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How to: Paint an Area with a Linear Gradient

This example shows how to use the LinearGradientBrush class to paint an area with a linear gradient. In the following example, the Fill of a Rectangle is painted with a diagonal linear gradient that transitions from yellow to red to blue to lime green.


<!-- This rectangle is painted with a diagonal linear gradient. -->
<Rectangle Width="200" Height="100">
  <Rectangle.Fill>
    <LinearGradientBrush StartPoint="0,0" EndPoint="1,1">
      <GradientStop Color="Yellow" Offset="0.0" />
      <GradientStop Color="Red" Offset="0.25" />
      <GradientStop Color="Blue" Offset="0.75" />
      <GradientStop Color="LimeGreen" Offset="1.0" />
    </LinearGradientBrush>
  </Rectangle.Fill>
</Rectangle>



Rectangle diagonalFillRectangle = new Rectangle();
diagonalFillRectangle.Width = 200;
diagonalFillRectangle.Height = 100;

// Create a diagonal linear gradient with four stops.   
LinearGradientBrush myLinearGradientBrush =
    new LinearGradientBrush();
myLinearGradientBrush.StartPoint = new Point(0,0);
myLinearGradientBrush.EndPoint = new Point(1,1);
myLinearGradientBrush.GradientStops.Add(
    new GradientStop(Colors.Yellow, 0.0));
myLinearGradientBrush.GradientStops.Add(
    new GradientStop(Colors.Red, 0.25));                
myLinearGradientBrush.GradientStops.Add(
    new GradientStop(Colors.Blue, 0.75));        
myLinearGradientBrush.GradientStops.Add(
    new GradientStop(Colors.LimeGreen, 1.0));

// Use the brush to paint the rectangle.
diagonalFillRectangle.Fill = myLinearGradientBrush;


The following illustration shows the gradient created by the previous example.

A diagonal linear gradient

To create a horizontal linear gradient, change the StartPoint and EndPoint of the LinearGradientBrush to (0,0.5) and (1,0.5). In the following example, a Rectangle is painted with a horizontal linear gradient.


<!-- This rectangle is painted with a horizontal linear gradient. -->
<Rectangle Width="200" Height="100">
  <Rectangle.Fill>
    <LinearGradientBrush StartPoint="0,0.5" EndPoint="1,0.5">
      <GradientStop Color="Yellow" Offset="0.0" />
      <GradientStop Color="Red" Offset="0.25" />
      <GradientStop Color="Blue" Offset="0.75" />
      <GradientStop Color="LimeGreen" Offset="1.0" />
    </LinearGradientBrush>
  </Rectangle.Fill>
</Rectangle>



            Rectangle horizontalFillRectangle = new Rectangle();
            horizontalFillRectangle.Width = 200;
            horizontalFillRectangle.Height = 100;

            // Create a horizontal linear gradient with four stops.   
            LinearGradientBrush myHorizontalGradient =
                new LinearGradientBrush();
            myHorizontalGradient.StartPoint = new Point(0,0.5);
            myHorizontalGradient.EndPoint = new Point(1,0.5);
            myHorizontalGradient.GradientStops.Add(
                new GradientStop(Colors.Yellow, 0.0));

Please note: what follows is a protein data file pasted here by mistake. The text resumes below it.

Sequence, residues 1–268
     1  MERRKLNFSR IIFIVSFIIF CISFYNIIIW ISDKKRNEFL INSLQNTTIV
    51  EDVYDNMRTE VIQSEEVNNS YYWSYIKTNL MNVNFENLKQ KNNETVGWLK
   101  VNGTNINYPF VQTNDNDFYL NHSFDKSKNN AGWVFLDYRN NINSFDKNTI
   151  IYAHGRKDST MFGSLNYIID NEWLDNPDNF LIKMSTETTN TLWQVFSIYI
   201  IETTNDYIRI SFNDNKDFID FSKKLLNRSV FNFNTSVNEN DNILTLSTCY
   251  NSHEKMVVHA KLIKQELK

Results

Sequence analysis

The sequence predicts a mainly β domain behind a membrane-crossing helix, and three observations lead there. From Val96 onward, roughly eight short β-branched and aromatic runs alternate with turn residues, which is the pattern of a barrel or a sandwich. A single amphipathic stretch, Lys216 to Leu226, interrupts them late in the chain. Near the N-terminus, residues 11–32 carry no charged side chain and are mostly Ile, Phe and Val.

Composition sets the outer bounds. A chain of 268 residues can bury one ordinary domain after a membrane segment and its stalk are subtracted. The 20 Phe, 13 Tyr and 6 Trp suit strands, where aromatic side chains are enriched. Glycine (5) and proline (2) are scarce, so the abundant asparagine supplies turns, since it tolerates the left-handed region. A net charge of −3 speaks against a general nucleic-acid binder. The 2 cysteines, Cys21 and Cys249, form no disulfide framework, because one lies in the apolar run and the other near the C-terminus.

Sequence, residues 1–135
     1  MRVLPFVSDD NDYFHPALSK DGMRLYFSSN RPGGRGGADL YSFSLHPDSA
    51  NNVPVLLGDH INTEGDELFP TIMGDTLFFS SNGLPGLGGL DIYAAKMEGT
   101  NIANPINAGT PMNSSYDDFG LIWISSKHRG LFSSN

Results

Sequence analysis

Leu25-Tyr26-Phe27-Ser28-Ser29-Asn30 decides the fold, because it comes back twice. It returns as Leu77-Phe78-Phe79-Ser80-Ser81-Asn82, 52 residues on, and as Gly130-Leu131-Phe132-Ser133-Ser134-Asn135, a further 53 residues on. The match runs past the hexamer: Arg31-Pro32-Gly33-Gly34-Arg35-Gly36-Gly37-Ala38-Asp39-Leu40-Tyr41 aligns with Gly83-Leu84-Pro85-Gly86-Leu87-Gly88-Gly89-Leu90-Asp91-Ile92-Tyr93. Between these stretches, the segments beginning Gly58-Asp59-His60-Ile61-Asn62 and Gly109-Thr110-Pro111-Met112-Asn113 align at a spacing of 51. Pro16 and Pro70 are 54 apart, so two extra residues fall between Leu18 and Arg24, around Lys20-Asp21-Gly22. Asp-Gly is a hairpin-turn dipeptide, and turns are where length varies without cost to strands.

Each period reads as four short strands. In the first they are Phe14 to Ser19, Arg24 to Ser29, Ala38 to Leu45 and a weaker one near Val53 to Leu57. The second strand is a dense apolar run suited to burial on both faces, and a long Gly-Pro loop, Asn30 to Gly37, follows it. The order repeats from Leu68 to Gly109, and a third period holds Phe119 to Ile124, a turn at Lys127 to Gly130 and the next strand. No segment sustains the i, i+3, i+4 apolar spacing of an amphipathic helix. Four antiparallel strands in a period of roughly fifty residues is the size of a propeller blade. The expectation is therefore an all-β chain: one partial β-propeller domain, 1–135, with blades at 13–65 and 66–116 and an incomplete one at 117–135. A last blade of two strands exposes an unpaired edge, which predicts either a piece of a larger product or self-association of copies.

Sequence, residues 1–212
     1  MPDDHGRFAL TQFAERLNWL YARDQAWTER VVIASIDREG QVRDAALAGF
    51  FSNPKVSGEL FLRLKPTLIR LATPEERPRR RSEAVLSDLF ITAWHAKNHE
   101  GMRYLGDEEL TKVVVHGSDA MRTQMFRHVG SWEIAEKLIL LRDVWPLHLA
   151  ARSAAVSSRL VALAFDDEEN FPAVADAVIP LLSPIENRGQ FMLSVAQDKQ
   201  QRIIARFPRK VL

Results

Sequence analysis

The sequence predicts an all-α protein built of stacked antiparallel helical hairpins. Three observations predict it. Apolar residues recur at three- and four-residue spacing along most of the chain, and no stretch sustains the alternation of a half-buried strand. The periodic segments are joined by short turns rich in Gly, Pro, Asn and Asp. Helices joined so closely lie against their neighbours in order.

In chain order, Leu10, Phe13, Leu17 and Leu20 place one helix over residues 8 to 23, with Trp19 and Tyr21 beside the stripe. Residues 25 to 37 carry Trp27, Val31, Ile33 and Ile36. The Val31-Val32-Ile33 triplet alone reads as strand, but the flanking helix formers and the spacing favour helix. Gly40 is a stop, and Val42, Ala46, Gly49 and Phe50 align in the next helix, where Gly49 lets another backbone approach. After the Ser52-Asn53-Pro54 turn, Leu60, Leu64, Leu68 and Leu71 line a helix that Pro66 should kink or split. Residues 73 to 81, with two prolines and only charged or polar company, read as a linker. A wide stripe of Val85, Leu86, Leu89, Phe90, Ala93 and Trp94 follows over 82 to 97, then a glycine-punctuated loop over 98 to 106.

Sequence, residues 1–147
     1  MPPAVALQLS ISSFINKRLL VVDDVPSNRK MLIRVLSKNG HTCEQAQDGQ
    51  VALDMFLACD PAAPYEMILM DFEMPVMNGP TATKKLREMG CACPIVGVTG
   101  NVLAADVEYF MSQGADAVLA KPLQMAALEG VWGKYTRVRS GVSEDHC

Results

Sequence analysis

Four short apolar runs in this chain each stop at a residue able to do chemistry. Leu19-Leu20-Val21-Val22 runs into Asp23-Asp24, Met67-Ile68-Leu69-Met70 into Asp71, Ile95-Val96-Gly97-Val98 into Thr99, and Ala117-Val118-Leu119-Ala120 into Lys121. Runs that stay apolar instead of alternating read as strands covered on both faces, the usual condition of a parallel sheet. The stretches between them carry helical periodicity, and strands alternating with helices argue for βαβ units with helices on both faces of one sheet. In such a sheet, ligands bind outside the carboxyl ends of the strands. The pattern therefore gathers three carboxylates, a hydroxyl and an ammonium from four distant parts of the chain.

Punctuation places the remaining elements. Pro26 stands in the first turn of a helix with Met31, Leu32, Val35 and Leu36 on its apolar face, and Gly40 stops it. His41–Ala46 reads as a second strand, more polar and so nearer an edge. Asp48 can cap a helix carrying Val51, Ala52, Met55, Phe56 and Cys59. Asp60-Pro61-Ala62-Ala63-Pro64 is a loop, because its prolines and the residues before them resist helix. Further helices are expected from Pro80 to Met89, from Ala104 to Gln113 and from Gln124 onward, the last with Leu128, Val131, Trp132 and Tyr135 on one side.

myHorizontalGradient.GradientStops.Add(
                new GradientStop(Colors.Red, 0.25));                
            myHorizontalGradient.GradientStops.Add(
                new GradientStop(Colors.Blue, 0.75));        
            myHorizontalGradient.GradientStops.Add(
                new GradientStop(Colors.LimeGreen, 1.0));

            // Use the brush to paint the rectangle.
            horizontalFillRectangle.Fill = myHorizontalGradient; 



The following illustration shows the gradient created by the previous example.

A horizontal linear gradient

To create a vertical linear gradient, change the StartPoint and EndPoint of the LinearGradientBrush to (0.5,0) and (0.5,1). In the following example, a Rectangle is painted with a vertical linear gradient.


<!-- This rectangle is painted with a vertical gradient. -->
<Rectangle Width="200" Height="100">
  <Rectangle.Fill>
    <LinearGradientBrush StartPoint="0.5,0" EndPoint="0.5,1">
      <GradientStop Color="Yellow" Offset="0.0" />
      <GradientStop Color="Red" Offset="0.25" />
      <GradientStop Color="Blue" Offset="0.75" />
      <GradientStop Color="LimeGreen" Offset="1.0" />
    </LinearGradientBrush>
  </Rectangle.Fill>
</Rectangle>



Rectangle verticalFillRectangle = new Rectangle();
verticalFillRectangle.Width = 200;
verticalFillRectangle.Height = 100;

// Create a vertical linear gradient with four stops.   
LinearGradientBrush myVerticalGradient =
    new LinearGradientBrush();
myVerticalGradient.StartPoint = new Point(0.5,0);
myVerticalGradient.EndPoint = new Point(0.5,1);
myVerticalGradient.GradientStops.Add(
    new GradientStop(Colors.Yellow, 0.0));
myVerticalGradient.GradientStops.Add(
    new GradientStop(Colors.Red, 0.25));                
myVerticalGradient.GradientStops.Add(
    new GradientStop(Colors.Blue, 0.75));        
myVerticalGradient.GradientStops.Add(
    new GradientStop(Colors.LimeGreen, 1.0));

// Use the brush to paint the rectangle.
verticalFillRectangle.Fill = myVerticalGradient;  


The following illustration shows the gradient created by the previous example.

A vertical linear gradient
NoteNote

The examples in this topic use the default coordinate system for setting start points and end points. The default coordinate system is relative to a bounding box: 0 indicates 0 percent of the bounding box, and 1 indicates 100 percent of the bounding box. You can change this coordinate system by setting the MappingMode property to the value BrushMappingMode.Absolute. An absolute coordinate system is not relative to a bounding box. Values are interpreted directly in local space.

For additional examples, see Brushes Sample. For more information about gradients and other types of brushes, see Painting with Solid Colors and Gradients Overview.

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